The primary requirement for a system of sidewalk delivery robots is, of course, a suitable network of sidewalks that are wide enough to allow robots to easily pass oncoming pedestrians. Since the Starship robot is about 22.4 inches (57 cm) wide, this implies a minimum sidewalk width of about five feet. Competing robots have similar widths. The robots at GMU generally travel on sidewalks at least eight feet (245 cm) wide.
The CBDs of many older cities have narrow, congested sidewalks that put robots at a disadvantage compared with alternative delivery modes, such as bicycle couriers. In newer Major Activity Centers and in many suburbs the sidewalks have adequate width and are less congested, thus facilitating robot operation.
In addition to a suitable network of sidewalks, a practical robot delivery system needs a high enough density of potential customers to make it economically viable. Too low a density would require excessive trip lengths which would reduce the number of customers per day each robot could serve. This is why most of the systems deployed so far have been on large university campuses where tens of thousands of students, faculty, and staff can be served by robots with a typical trip length of less than 0.75 mile (1.2 km).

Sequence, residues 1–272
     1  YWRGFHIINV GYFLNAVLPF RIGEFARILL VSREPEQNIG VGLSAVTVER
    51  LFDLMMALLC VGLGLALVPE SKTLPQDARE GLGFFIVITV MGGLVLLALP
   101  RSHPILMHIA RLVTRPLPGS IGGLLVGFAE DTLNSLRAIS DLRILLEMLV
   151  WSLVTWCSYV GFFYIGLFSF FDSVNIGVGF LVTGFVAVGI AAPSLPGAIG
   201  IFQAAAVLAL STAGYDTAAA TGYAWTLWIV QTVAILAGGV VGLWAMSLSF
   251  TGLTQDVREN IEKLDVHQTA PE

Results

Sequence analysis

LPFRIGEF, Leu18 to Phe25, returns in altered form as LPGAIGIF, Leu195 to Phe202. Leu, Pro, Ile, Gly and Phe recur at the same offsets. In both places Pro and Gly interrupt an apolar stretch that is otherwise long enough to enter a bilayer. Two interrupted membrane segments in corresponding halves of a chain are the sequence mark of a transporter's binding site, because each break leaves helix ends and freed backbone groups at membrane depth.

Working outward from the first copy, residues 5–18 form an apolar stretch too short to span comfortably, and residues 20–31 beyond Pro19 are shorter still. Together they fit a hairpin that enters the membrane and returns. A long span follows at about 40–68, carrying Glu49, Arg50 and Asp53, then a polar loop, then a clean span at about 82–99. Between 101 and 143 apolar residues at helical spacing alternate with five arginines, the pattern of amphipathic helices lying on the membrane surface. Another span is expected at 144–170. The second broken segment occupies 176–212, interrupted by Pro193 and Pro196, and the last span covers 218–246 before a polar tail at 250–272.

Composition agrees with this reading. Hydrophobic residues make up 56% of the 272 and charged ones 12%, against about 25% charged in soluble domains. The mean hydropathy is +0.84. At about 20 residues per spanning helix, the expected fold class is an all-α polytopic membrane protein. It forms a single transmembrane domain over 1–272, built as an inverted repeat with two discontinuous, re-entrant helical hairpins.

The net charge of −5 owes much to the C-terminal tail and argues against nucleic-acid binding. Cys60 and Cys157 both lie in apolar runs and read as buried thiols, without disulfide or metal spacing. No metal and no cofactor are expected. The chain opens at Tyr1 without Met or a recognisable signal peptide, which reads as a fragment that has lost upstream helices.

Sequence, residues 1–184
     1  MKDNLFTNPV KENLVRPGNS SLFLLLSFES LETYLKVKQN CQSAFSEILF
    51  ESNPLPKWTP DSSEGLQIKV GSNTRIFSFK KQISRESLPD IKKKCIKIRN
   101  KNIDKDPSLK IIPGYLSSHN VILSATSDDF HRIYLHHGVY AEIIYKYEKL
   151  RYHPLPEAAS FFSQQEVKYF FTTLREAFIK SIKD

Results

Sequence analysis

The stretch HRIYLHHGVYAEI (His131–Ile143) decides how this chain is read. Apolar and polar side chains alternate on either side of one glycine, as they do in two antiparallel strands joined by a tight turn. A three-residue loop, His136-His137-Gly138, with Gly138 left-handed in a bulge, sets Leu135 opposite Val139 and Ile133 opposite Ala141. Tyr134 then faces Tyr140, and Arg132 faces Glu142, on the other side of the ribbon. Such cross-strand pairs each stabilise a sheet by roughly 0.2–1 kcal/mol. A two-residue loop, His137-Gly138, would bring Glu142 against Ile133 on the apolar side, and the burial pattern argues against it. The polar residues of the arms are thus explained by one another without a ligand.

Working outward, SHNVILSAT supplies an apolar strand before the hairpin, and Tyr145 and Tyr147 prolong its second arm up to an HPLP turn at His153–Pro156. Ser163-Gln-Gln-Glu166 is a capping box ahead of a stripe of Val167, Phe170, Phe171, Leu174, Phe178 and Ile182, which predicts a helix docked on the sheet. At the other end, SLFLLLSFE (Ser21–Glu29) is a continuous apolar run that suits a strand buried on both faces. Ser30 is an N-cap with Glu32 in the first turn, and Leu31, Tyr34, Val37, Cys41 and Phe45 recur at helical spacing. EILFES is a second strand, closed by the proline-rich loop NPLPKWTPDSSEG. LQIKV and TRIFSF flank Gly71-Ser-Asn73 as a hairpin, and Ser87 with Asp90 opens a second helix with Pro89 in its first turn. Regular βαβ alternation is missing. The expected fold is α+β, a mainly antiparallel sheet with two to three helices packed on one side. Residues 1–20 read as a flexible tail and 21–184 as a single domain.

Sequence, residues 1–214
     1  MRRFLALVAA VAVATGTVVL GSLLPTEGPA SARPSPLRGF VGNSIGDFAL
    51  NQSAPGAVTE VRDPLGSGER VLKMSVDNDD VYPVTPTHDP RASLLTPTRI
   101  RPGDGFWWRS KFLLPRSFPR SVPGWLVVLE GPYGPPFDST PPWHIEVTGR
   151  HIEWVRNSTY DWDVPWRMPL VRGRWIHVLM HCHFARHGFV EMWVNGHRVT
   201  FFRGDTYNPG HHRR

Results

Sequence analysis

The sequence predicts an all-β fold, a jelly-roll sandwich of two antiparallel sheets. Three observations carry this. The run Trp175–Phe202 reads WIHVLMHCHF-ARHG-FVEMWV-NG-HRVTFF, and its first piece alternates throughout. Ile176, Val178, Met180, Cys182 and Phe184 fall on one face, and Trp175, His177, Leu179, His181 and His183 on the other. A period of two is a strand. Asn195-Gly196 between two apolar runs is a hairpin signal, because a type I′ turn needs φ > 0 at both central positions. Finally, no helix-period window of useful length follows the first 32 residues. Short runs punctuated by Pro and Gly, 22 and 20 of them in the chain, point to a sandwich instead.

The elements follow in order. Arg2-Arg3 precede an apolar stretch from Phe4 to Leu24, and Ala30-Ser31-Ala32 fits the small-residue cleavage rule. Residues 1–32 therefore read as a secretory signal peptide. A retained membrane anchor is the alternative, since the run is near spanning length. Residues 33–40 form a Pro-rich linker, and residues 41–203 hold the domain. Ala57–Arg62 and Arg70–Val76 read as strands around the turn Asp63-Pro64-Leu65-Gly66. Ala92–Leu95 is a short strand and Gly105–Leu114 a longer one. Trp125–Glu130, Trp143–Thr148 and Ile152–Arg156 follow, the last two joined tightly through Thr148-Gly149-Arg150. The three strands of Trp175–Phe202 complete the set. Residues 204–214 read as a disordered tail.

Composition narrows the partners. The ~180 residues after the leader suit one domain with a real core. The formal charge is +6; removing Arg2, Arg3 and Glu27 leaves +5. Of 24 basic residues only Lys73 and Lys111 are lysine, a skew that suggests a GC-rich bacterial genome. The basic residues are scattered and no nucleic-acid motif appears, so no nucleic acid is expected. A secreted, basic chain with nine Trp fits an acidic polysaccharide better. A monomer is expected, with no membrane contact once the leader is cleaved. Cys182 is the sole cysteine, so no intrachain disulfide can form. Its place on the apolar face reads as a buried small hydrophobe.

Many of the same moderately dense urban areas that look promising for automated, at-grade shuttles such as the EasyMile EZ10 and Local Motors Olli, also work well for sidewalk delivery robots. Unlike shuttles which still operate in test mode with attendants, delivery robots are now fully operational in multiple locations. By the time automated shuttles are deployed in significant numbers, it can be expected that sidewalk robots will be commonplace. Since delivery by robot is sometimes an alternative to a person trip on a shuttle, transportation models will ideally take both modes into account.
by J. Edward Anderson, first ATRA President.
2003 – The Twenty-Eighth Year.
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by J. Edward Anderson, first ATRA President.